World Juniors offers rare draft spotlight for Latvia

Scott Wheeler2017 Draft Center, Europe, OHL

When NHL Draft hopeful Renars Krastenbergs picked up a loose puck in the neutral zone and beat Calgary Flames prospect Tyler Parsons on a move to his backhand for Latvia’s first goal of the 2017 IIHF World Junior Championship, he put his underdogs on the map.

On his birthday, no less.

The Air Canada Centre burst into chants for Latvia as Krastenbergs tied the game on his team’s second shot, tying the game 1-1 against the powerhouse American group

For Krastenbergs and all but three of his teammates — Rudolfs Balcers, Karlis Cukste (San Jose Sharks), and Martins Dzierkals (Toronto Maple Leafs) — the 2017 World Juniors presents a unique opportunity to shine.

It’s a chance to grab the spotlight from opponents whose draft-eligible prospects are near-locks at the 2017 NHL Draft.

“First game. First goal. It feels good. Everyone is watching right now in Latvia and it’s like 2 a.m. in the morning,” Krastenbergs said after the 6-1 loss to Team USA on Monday.

For Krastenbergs, this is a chance to show scouts he’s a legit NHL prospect.

“It’s a big opportunity for me,” said Krastenbergs, Latvia’s player of the game. “I have to show people what I can do.”

After a four-year absence from the World Juniors while trying to work out of Division I, the Latvians finally won last December’s tournament in Austria, to advance to this year’s main event in Toronto and Montreal from Dec. 26 to Jan. 5, 2017.

As a rookie in the Ontario Hockey League, Krastenbergs has three goals and 10 points in 31 games. And while the Oshawa Generals forward frequently has scouts in the stands for his games in the OHL, many of his teammates aren’t as lucky.

Kristians Rubins, a defensemen for the Medicine Hat Tigers with 13 points in 26 games this year, is the only other Latvian playing in the CHL. Last summer, he was invited to the Winnipeg Jets’ rookie camp.

Another teammate, Eduards Tralmarks, was also invited to an NHL development camp with the Vancouver Canucks. He’s committed to the University of Maine and plays with the Chicago Steel of the United States Hockey League.

Many of the Latvian players have tried to come to North America to find draft success. After being passed up at the 2016 NHL Draft, Erlends Klavins also joined the USHL.

For most of them, a strong showing at the World Juniors can make the difference.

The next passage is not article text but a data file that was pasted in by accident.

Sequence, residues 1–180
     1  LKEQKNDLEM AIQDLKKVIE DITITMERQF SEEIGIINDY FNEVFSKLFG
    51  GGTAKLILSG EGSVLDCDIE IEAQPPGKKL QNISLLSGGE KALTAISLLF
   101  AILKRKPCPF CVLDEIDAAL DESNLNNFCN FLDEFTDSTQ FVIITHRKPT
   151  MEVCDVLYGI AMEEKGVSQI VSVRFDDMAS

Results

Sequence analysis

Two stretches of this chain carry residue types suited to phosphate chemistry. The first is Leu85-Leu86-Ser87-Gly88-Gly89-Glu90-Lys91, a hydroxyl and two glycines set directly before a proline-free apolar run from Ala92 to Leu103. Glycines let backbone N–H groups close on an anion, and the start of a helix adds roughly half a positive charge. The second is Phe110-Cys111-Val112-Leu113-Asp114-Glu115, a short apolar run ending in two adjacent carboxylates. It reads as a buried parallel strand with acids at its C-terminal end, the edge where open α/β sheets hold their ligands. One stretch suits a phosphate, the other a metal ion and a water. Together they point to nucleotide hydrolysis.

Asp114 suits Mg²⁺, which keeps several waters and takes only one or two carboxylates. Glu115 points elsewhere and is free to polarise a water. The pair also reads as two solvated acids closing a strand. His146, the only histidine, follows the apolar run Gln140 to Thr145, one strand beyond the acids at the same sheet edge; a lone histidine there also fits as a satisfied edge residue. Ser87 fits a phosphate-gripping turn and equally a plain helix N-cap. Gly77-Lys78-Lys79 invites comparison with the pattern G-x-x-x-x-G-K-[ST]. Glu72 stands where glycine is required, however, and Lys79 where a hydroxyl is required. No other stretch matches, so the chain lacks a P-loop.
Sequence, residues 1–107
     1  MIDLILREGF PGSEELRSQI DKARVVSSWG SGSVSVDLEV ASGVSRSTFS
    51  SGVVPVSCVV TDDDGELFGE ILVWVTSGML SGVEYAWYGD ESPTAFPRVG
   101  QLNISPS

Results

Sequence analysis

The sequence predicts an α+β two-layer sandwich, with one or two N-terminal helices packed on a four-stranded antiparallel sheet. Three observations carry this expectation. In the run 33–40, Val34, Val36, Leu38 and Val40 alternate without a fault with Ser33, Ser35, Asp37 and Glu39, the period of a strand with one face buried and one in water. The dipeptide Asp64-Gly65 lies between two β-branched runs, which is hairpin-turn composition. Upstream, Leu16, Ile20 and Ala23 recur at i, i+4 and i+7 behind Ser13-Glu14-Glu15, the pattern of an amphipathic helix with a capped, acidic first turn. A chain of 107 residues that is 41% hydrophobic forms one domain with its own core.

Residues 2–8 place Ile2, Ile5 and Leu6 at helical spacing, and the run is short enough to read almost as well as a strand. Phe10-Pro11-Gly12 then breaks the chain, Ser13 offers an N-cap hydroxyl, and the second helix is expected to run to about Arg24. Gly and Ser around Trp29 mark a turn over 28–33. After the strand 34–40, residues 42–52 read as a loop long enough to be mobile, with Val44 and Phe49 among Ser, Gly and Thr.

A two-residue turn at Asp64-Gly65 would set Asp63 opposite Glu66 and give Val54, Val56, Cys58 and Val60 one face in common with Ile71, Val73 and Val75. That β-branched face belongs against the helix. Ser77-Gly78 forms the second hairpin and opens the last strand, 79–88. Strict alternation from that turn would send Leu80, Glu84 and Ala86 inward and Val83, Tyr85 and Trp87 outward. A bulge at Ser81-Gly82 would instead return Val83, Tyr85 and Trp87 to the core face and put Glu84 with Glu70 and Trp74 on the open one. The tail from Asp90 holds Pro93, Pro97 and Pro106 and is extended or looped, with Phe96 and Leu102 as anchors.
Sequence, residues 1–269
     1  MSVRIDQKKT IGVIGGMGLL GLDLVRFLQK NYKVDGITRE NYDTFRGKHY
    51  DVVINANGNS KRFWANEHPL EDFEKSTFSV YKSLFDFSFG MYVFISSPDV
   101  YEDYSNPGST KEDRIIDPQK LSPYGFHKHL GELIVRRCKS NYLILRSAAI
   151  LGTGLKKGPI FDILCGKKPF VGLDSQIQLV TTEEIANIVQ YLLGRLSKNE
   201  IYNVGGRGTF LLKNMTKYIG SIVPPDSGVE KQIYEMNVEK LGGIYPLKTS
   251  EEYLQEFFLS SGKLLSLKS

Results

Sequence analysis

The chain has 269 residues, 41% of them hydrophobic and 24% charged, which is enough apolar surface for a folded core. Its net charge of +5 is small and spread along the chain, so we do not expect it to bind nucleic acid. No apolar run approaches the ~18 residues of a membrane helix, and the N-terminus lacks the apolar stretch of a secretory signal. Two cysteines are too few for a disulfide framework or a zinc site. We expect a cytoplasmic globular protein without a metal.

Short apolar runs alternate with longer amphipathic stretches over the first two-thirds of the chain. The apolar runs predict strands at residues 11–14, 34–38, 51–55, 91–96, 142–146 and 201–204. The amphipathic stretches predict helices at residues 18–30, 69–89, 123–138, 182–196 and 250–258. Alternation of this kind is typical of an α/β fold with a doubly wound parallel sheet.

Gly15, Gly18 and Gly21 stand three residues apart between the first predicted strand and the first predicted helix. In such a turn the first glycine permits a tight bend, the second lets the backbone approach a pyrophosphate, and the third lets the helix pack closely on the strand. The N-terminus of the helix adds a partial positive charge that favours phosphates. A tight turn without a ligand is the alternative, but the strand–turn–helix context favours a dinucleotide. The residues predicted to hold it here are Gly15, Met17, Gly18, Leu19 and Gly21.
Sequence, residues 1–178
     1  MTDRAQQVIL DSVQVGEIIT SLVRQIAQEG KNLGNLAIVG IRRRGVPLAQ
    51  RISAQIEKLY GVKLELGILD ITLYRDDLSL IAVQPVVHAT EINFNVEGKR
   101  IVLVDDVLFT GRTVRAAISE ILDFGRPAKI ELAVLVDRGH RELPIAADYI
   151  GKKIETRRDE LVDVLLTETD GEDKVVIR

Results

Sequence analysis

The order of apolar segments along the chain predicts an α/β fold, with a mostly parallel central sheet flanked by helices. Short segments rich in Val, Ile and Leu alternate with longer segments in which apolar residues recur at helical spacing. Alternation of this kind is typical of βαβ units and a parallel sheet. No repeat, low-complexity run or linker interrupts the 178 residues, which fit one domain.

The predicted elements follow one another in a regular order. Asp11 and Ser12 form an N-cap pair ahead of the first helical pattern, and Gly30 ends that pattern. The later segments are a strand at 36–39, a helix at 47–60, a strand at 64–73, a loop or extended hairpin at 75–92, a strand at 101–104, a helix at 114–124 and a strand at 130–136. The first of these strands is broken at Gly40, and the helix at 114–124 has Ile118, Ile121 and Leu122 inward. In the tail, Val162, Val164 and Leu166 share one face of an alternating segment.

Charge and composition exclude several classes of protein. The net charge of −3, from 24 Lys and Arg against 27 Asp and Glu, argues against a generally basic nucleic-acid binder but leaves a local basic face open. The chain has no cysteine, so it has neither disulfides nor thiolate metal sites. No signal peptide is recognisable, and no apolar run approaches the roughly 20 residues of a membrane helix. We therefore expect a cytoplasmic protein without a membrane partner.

Deniss Smirnovs, in his first year as a draft-eligible, plays in Switzerland’s under-20 junior league, where he has four goals and 14 points in 18 games after posting 68 points in 41 games at the under-17 level last year.

The 2017 draft couldn’t be further from his mind.

Unlike Krastenbergs, Smirnovs is trying to keep his mind off of the selection process, knowing he’s a long shot to be selected.

Instead, the World Juniors represents a different experience.

“I don’t think about the draft,” Smirnovs said. “I’m just trying to work hard for the World Juniors and prepare for the World Under-18 Championships.

“It’s been a long time since we’ve played in the top division and the atmosphere is very good and we’re just enjoying our time playing in Canada.”

But the allure is still there.

And teammates are hoping to catch eyes in North America.

Kristaps Zile, the team’s captain, is already playing in the KHL with Dynamo Riga after posting 12 points in 15 games in the MHL to start the year. Gvido Jansons is one of the top defensemen in the NAHL, a top American junior league, where he has 26 points in 25 games with the Aston Rebels. Next year, he’s bound for Arizona State University.

Valters Apfebaums plays out of Latvia’s top professional league, where he has three points in nine games this season. Last year, he played in Latvia’s second tier professional league, posting 23 points in 19 games.

Together with Dzierkals, the group will guide all of Latvia’s draft-eligible forwards.

“We won the (Division I) tournament last year and we knew this year would be in Toronto and Montreal so it was a big inspiration for us to get here and help get these guys drafted,” Dzierkals said.

“It’s a good tournament because scouts from every NHL team is here and they have to do everything they can because this could be their last chance to show themselves for the NHL teams.”

A run, Dzierkals figures, will help that.

“These 1997s, 98s, 99s…it’s a really, really good year for Latvia and we’re going to go for big things,” he said. “I don’t know about history, but quarterfinals is our goal right now and I feel like we can do it 100 percent.

“For sure.”